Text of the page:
First detection of West Nile Virus found in Maryland
LAUREL, Md. - The first case of the mosquito-borne West Nile Virus has now been reported in Maryland.
In Prince George's County, the mosquito control team sprayed over the weekend after an insect with West Nile Virus was found in Prince George's County last week.
Traces of West Nile Virus were reportedly detected in a mosquito caught in a trap near Hyattsville.
As a precaution, the Maryland Department of Agriculture's mosquito control team is planning to spray the area including open fields and other areas.
Mosquito traps have been tested in Laurel but were not positive. The Maryland Department of Agriculture reportedly sprayed Laurel twice in June. They've yet to spray in the month of July due to weather and low mosquito counts.
It's a good time to remind folks, you can reduce the risk of mosquito bites by using repellent, avoiding standing water and wearing clothes that cover your skin.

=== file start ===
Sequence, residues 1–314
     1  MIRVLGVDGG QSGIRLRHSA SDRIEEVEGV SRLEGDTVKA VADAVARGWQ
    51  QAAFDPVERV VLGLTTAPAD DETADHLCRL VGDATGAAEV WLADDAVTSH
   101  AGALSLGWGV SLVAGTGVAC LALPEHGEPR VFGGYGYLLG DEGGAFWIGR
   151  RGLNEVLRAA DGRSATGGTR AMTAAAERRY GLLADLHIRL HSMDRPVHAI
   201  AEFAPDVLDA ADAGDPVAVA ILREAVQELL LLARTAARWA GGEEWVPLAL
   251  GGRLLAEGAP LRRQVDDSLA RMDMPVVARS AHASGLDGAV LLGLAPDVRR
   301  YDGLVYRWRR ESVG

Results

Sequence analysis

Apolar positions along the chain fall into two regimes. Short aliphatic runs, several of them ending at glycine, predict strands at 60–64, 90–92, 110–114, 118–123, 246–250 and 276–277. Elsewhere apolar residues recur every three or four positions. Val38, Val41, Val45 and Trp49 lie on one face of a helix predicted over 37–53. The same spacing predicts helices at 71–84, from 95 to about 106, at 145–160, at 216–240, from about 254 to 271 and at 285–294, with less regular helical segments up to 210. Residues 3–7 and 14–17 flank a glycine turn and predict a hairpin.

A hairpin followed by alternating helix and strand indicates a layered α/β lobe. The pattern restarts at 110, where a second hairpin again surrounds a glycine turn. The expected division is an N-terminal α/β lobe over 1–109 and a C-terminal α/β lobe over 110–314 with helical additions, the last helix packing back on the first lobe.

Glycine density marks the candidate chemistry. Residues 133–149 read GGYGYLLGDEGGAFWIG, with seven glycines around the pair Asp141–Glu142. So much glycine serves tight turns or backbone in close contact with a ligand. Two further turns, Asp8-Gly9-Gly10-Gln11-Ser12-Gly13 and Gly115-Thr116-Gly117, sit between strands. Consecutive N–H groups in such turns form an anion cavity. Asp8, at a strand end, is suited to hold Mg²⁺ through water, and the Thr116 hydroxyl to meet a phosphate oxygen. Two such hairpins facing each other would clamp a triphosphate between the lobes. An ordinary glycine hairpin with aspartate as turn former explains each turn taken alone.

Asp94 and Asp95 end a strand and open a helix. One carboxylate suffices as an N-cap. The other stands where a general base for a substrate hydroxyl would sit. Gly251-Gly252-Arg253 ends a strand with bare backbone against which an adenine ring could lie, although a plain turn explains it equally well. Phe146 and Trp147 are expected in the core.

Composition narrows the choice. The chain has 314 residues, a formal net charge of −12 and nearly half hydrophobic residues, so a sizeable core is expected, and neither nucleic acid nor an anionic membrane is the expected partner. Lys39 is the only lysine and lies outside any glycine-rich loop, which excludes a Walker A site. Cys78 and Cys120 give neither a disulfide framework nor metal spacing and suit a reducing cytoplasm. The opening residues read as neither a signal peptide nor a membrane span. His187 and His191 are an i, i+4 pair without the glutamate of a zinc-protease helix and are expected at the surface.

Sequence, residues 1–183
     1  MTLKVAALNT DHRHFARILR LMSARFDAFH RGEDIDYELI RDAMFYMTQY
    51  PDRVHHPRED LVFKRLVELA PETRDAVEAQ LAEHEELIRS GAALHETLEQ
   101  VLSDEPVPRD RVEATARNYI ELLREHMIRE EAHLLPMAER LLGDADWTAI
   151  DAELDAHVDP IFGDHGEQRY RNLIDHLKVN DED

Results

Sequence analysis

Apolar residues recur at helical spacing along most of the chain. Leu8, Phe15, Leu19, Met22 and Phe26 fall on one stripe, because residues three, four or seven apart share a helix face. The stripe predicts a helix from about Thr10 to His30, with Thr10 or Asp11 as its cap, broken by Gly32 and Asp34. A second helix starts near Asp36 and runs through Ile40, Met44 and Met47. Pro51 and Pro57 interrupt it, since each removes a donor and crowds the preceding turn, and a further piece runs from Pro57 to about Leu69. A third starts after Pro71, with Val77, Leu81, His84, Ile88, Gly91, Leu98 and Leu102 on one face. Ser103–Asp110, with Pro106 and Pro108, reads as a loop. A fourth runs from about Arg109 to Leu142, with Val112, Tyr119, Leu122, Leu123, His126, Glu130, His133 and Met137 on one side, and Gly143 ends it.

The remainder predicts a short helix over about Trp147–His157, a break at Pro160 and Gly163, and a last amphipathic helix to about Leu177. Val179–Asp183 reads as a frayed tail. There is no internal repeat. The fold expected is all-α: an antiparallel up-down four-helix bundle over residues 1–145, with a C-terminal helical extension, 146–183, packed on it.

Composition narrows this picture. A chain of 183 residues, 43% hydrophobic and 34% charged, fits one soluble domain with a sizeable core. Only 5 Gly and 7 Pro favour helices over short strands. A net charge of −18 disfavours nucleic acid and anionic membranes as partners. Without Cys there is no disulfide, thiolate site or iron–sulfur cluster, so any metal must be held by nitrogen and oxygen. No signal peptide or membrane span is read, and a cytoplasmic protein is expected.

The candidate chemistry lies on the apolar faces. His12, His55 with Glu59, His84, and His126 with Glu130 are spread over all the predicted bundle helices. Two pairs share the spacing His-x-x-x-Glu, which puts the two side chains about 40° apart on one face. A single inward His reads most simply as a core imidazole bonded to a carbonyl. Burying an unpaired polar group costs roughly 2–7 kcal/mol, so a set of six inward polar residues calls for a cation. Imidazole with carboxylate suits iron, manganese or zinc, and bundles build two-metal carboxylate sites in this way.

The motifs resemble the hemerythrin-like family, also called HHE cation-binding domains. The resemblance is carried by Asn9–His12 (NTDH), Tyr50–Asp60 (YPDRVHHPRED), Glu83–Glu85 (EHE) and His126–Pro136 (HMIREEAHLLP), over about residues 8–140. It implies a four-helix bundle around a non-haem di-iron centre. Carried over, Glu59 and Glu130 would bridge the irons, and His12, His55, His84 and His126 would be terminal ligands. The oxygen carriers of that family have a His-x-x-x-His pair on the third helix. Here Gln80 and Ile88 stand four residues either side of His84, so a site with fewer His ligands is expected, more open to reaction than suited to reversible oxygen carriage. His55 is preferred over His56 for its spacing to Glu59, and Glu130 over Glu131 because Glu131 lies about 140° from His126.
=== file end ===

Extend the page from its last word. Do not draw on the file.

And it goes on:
City of Laurel employee Adam Novak says to keep mosquitos away, "remove standing water."
"Anybody with buckets, we dumped them out at our locations and facilities and just blow puddles away with backpack blowers and any other thing we can think of. Spraying does help keep them down as well as spraying yourself with some kind of repellant," he said.
The peak West Nile Virus infection reportedly happened more than a decade ago in 2003 when 73-cases were reported statewide. Since then the number has dropped.
Dr. Kimberly Mitchell, an epidemiologist at the Maryland Department of Health, spoke about how the large rain totals can affect the mosquito population.
"This year there has been a lot more rainfall than usual, in spring and now in summer. Sometimes that can create more breeding areas for mosquitoes, so it's not entirely surprising that we've seen the first case a little bit earlier this year," explained Mitchell.
If you are bitten by a mosquito and experience signs and symptoms including headache, fever, and weakness, contact your doctor.
If there's a mosquito problem in your area, you can call (301) 725-0088.